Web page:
By Nathaniel Curran
When Google’s AlphaGo computer program beat South Korea’s top Go (baduk) player Lee Sedol last March, it didn’t take long for AI experts to hail the event as a milestone in artificial intelligence and machine learning. Nor did it take long for China’s top player, Ke Jie, to issue his own challenge to the AlphaGo team, which culminated in a match two weeks ago. Ke’s claim was especially bold considering that Korea’s Lee had been handily defeated four games to one. In fact, it may have been a matter of national pride that prompted Ke to issue the challenge, considering that the game originated in China thousands of years ago.
With China and Korea both playing high-profile matches against AlphaGo this year, might now be the moment for a resurgence of Go diplomacy? Go is certainly enjoying an unprecedented degree of interest worldwide following the two AlphaGo matches, and China-Korea relations are in need of a boost after the last year of tension over THAAD.
Considering China and Korea’s shared appreciation for the game, as well as the massive press AlphaGo has received, might Go serve as a way of improving the currently frayed relations between China and Korea?
This wouldn’t be the first time Go has been called upon to smooth relations; the game was used to help pave the way for the normalization of Sino-Japanese relations in 1972. Nor is mixing Go and politics unprecedented in the contemporary era, either; Barack Obama gave a Go set to China’s former President, Hu Jintao, on Obama’s first state visit to China.
Now, Go could present a new opportunity to strengthen the relationship between Korea and China. The relationship, currently under severe strain from the backlash against the THAAD deployment, is in quick need of repair, considering Korea’s reliance on China, its largest trading partner.
One reason that Go might be helpful in promoting better dialogue is that although the game is originally from China, it is something of an East Asian cultural bricolage, influenced by the innovations of both countries. The fact that both China and Korea have assisted in the game’s development increases its attractiveness as a tool of diplomacy in the region.
While few know the game outside of East Asia, millions play Go across China, Korea, and Japan, and each country has fostered a unique Go culture and playing style. During most of the 20th century, Japan was the undisputed global center of Go, drawing players from all over the world, including a few Westerners. But for the past thirty years, the top players have been from either China or Korea. More recently, in the 2000s, Chinese players have started to dominate the top ranks of the Go world, mirroring China’s rise on the international stage. However, Google chose to challenge Korea’s Lee Sedol in last year’s highly publicized $1,000,000 match rather than Ke Jie, or any of the other top Chinese players.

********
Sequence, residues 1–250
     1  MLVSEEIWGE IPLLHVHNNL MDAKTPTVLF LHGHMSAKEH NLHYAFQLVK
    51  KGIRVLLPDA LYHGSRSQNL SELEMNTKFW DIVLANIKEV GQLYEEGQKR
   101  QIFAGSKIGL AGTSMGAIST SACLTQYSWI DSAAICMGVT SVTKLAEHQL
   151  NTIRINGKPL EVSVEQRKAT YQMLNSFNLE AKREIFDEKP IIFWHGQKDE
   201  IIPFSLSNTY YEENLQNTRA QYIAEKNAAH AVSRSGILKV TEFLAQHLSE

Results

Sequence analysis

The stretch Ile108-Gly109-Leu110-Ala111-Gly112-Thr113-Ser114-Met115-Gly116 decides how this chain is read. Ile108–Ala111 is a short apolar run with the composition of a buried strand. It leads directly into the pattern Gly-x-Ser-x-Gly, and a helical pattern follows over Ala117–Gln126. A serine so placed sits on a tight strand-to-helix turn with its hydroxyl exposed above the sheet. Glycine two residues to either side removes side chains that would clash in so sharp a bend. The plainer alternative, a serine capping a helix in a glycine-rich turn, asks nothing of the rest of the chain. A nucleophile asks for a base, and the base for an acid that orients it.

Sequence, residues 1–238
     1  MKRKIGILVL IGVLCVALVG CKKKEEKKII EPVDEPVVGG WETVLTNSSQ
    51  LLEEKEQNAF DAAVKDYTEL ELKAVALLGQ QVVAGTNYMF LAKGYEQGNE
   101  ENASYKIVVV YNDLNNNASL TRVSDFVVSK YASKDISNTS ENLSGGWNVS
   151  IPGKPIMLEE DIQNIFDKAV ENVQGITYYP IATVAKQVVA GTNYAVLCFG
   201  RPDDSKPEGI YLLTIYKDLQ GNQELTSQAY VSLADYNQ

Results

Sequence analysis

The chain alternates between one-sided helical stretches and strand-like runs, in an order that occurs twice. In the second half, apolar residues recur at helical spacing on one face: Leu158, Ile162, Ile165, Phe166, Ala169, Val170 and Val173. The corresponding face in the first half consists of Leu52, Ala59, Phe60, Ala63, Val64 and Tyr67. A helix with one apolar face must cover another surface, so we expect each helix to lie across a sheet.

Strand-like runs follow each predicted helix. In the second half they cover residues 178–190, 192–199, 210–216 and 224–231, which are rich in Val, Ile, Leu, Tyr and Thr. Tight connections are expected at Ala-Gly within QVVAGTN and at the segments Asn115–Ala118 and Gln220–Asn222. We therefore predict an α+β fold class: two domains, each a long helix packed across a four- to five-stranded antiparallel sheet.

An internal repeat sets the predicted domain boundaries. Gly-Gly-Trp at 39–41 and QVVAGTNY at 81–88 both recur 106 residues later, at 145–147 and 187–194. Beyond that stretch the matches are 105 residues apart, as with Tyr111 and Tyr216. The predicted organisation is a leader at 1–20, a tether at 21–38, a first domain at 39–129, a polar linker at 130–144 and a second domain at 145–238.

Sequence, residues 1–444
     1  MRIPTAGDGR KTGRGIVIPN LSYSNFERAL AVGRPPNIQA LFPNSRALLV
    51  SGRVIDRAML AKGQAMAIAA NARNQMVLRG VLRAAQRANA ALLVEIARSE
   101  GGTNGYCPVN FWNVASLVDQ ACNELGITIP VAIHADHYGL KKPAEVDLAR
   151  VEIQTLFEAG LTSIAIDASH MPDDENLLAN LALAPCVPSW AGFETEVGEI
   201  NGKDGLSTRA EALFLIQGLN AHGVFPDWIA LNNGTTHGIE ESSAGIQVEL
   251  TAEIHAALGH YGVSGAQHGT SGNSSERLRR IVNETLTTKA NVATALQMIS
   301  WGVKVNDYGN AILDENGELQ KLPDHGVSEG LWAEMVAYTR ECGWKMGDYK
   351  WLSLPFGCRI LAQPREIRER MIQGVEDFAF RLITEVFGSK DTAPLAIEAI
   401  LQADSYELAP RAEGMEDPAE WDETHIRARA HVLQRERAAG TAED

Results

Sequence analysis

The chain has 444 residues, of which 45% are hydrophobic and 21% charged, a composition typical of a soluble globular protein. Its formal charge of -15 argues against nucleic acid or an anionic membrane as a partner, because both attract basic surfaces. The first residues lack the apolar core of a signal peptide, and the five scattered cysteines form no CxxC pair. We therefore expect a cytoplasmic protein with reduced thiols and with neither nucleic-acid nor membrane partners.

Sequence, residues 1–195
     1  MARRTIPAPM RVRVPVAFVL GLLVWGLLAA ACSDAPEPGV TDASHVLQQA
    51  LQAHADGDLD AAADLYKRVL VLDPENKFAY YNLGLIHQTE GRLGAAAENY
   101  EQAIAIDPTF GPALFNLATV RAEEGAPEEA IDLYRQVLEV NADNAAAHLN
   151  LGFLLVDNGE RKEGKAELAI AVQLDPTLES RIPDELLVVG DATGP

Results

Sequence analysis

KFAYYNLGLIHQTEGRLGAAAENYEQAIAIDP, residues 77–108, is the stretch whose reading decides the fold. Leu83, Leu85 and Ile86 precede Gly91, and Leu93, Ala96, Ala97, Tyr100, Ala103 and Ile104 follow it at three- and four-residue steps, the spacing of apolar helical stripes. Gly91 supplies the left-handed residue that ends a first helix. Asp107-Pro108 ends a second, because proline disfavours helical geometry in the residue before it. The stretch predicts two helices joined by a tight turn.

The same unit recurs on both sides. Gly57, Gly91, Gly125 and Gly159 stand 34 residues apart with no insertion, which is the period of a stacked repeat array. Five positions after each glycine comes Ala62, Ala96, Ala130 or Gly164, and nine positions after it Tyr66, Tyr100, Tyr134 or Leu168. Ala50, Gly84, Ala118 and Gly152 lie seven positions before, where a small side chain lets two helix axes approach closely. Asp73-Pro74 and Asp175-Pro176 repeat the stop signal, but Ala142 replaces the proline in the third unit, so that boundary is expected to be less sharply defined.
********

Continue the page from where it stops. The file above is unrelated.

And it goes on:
Although many associate Go with a vanishing cultural past, its continued popularity is evident; in South Korea there is a 24-hour television channel devoted to the game and Lee Sedol’s match with AlphaGo was front-page news in all the major South Korean newspapers. In China, 60 million internet users watched the match.
While it’s hard to envision the exact direction Go diplomacy make take, there are a number of possible avenues. China and Korea could work together to form a new, jointly-funded Go federation to promote the game at home and abroad. Simply holding some highly publicized friendship-matches between the two countries would be one way to use the game to increase diplomatic dialogue. Another possibility is AI vs. AI matches, which might also pay dividends to each country’s tech industry.
However, in spite of its potential to improve Sino-Korean relations, the game might hypothetically lead to further division. China must feel snubbed to some degree that Google originally challenged Lee, rather than Ke Jie. Some have even suggested that China’s support for the event was a reaction to the media coverage that the AlphaGo game received. It’s also possible that the countries might struggle over who holds a legitimate claim to the game, and also its narrative. China can make the case that Go originated in China, while Korea’s claim is bolstered by the fact it has received the lion’s share of the Western press’s recent infatuation with Go. Korea also has Lee, who notched one victory against AlphaGo along the way to his eventual 4-1 defeat. Considering that AlphaGo has continued to improve since last year, Lee’s one win probably marks the last time a human will ever manage to win a game against a top Go AI, and Koreans must feel some pride in Lee’s achievement.
Whatever happens next, it’s undeniable that Go has made something of a comeback; a rarity for a game with a twenty-five-century history. Whether the ancient game will serve to exacerbate tensions in East Asia or relieve them remains to be seen.
Nathaniel Curran is a PhD student at USC’s Annenberg School of Communication and a 2017 COMPASS Summer Fellow. The views expressed here are the author’s alone.
Photo from Prachatai’s photostream on flickr Creative Commons.